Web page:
12. Giffords Law Center to Prevent Gun Violence, Investing in Intervention, https://lawcenter.giffords.org/wp-content/uploads/2018/02/Investing-in-Intervention-02.14.18.pdf. ⤴︎
  13. Division of Criminal Justice Services, New York State. 2018. “2018-19 Gun Involved Violence Elimination (GIVE) Initiative: Request for Applications (RFA),” http://www.criminaljustice.ny.gov/ofpa/pdfdocs/2018-19_give_rfa.pdf. ⤴︎
  14. New York A 2003 (enacted April 12, 2019); New York State Division of Criminal Justice Services, Grant Programs, Law Enforcement, https://www.criminaljustice.ny.gov/ofpa/fundingprograms.html. ⤴︎
  15. “Governor Cuomo Announces More than $3.1 Million in Funding to Combat Gun Violence Across New York State,” State of New York, Governor’s Press Office, Dec. 31, 2018, https://www.ny.gov/sites/ny.gov/files/atoms/files/2017EndofSessionReport.pdf. ⤴︎
  16. “Crime, Arrest and Firearm Activity Report,” New York State Division of Criminal Justice Services, accessed October 8, 2019, https://www.criminaljustice.ny.gov/crimnet/ojsa/greenbook.html. ⤴︎
  17. “Fatal Injury Data,” Centers for Disease Control and Prevention, Web-based Injury Statistics Query and Reporting System (WISQARS), accessed Dec. 17, 2018, https://www.cdc.gov/injury/Wisqars. ⤴︎
  18. “Governor Cuomo Announces Funding Available to Combat Gun Violence in 17 Communities Across New York State,” New York State, Feb. 11, 2014, https://www.governor.ny.gov/news/governor-cuomoannounces-funding-available-combat-gun-violence-17-communities-across-new-york. ⤴︎
  19. “Gun Involved Violence Elimination (GIVE) Initiative,” New York State, Division of Criminal Justice Services, http://criminaljustice.ny.gov/crimnet/ojsa/impact/index.htm. ⤴︎
  20. “Gun Violence Focus of New Initiative,” Democrat & Chronicle, Feb. 11, 2014, https://www.democratandchronicle.com/story/news/local/2014/02/11/gun-violence-focus-of-new-initiative/5404639/. ⤴︎
  21. Division of Criminal Justice Services, New York State. 2018. “2018-19 Gun Involved Violence Elimination (GIVE) Initiative: Request for Applications (RFA),” http://www.criminaljustice.ny.gov/ofpa/pdfdocs/2018-19_give_rfa.pdf. ⤴︎
  22. Division of Criminal Justice Services, New York State, Gun Involved Violence Elimination (GIVE) Initiative, https://www.criminaljustice.ny.gov/crimnet/ojsa/impact/index.htm. ⤴︎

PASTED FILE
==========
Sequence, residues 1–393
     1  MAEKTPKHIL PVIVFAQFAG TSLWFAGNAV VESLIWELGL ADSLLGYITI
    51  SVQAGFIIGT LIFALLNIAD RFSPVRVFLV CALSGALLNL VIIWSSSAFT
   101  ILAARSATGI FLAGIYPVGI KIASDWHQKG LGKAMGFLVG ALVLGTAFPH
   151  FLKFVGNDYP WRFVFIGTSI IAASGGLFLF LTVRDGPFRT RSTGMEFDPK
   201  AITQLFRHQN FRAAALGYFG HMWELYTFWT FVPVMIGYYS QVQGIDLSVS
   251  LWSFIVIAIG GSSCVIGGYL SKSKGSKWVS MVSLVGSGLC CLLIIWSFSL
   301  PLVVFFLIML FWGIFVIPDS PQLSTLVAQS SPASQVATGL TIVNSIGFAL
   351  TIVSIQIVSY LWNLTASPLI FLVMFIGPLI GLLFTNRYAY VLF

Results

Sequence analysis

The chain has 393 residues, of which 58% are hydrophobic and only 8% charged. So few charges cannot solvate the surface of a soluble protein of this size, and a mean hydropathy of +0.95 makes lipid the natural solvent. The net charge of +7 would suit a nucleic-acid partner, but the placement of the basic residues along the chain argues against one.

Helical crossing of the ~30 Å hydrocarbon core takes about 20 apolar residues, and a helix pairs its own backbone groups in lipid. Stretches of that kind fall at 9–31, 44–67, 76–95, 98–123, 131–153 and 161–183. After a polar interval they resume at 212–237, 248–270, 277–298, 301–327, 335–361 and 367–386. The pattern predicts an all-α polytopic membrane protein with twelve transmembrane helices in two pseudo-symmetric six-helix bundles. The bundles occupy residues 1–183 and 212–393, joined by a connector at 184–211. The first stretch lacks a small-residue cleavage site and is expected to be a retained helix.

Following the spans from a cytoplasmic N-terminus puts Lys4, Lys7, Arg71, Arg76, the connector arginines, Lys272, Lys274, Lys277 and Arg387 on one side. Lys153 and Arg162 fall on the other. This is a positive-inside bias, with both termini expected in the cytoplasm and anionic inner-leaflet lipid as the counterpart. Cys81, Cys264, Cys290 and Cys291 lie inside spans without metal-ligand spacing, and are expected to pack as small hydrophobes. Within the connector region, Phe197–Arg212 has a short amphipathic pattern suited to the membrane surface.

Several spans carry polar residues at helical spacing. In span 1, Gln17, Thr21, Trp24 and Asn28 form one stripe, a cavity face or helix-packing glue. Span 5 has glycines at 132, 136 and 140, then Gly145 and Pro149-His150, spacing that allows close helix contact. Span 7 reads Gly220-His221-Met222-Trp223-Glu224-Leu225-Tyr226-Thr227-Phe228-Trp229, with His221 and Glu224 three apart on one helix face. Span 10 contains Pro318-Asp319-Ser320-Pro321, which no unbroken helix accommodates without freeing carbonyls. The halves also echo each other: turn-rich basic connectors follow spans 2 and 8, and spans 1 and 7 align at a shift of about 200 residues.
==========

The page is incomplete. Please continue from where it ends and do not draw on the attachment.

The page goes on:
23. Tina Rosenberg, “Taking Aim at Gun Violence with Personal Deterrence,” The New York Times, April 3, 2018, https://www.nytimes.com/2018/04/03/opinion/gun-violence-personal-deterrence.html. ⤴︎
  24. For more information about Exodus Transitional Community visit http://www.etcny.org/. ⤴︎
  25. “Crime, Arrest and Firearm Activity Report,” New York State Division of Criminal Justice Services, accessed October 9, 2019, https://www.criminaljustice.ny.gov/crimnet/ojsa/greenbook.html; see also Tina Rosenberg, “Taking Aim at Gun Violence with Personal Deterrence,” The New York Times, April 3, 2018, https://www.nytimes.com/2018/04/03/opinion/gun-violence-personal-deterrence.html. ⤴︎
  26. “Crime, Arrest and Firearm Activity Report,” New York State Division of Criminal Justice Services, accessed October 9, 2019, https://www.criminaljustice.ny.gov/crimnet/ojsa/greenbook.html. ⤴︎
  27. Id. ⤴︎
  28. For more information visit www.cureviolence.org. ⤴︎
  29. Giffords Law Center to Prevent Gun Violence, Investing in Intervention, https://lawcenter.giffords.org/wp-content/uploads/2018/02/Investing-in-Intervention-02.14.18.pdf. ⤴︎
  30. Id. ⤴︎
  31. Data provided by Cure Violence. ⤴︎
  32. Sheyla A. Delgado, et al, “Young Men in Neighborhoods with Cure Violence Programs Adopt Attitudes Less Supportive of Violence,” John Jay College of Criminal Justice Research and Evaluation Center, Mar. 2017, https://johnjayrec.nyc/2017/03/16/databit201701. ⤴︎
  33. Sheyla A. Delgado, et al, “The Effects of Cure Violence in the South Bronx and East New York, Brooklyn,” John Jay College of Criminal Justice Research and Evaluation Center, October 2017, https://johnjayrec.nyc/2017/10/02/cvinsobronxeastny. ⤴︎
  34. Id. ⤴︎
  35. “Fatal Injury Data,” Centers for Disease Control and Prevention, Web-based Injury Statistics Query and Reporting System (WISQARS), accessed Dec. 17, 2018, https://www.cdc.gov/injury/Wisqars. ⤴︎
  36. “The Economic Cost of Gun Violence in New York,” Giffords Law Center to Prevent Gun Violence, https://lawcenter.giffords.org/wp-content/uploads/2018/01/Cost-of-Gun-Violence-in-New-York-1.22.18.pdf. ⤴︎
  37. Id. ⤴︎